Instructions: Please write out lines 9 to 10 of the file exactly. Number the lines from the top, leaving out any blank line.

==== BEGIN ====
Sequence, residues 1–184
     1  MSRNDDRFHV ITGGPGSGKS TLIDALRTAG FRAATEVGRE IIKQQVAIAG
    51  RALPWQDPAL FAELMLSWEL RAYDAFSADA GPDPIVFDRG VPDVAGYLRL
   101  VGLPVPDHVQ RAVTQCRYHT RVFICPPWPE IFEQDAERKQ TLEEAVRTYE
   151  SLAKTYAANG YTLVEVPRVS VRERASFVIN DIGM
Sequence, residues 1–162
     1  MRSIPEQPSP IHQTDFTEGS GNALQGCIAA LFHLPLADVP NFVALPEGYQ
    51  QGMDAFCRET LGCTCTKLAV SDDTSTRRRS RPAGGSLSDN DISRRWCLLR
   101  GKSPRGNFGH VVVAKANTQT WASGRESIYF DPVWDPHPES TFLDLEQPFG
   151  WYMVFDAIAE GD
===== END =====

   101  GKSPRGNFGH VVVAKANTQT WASGRESIYF DPVWDPHPES TFLDLEQPFG
   151  WYMVFDAIAE GD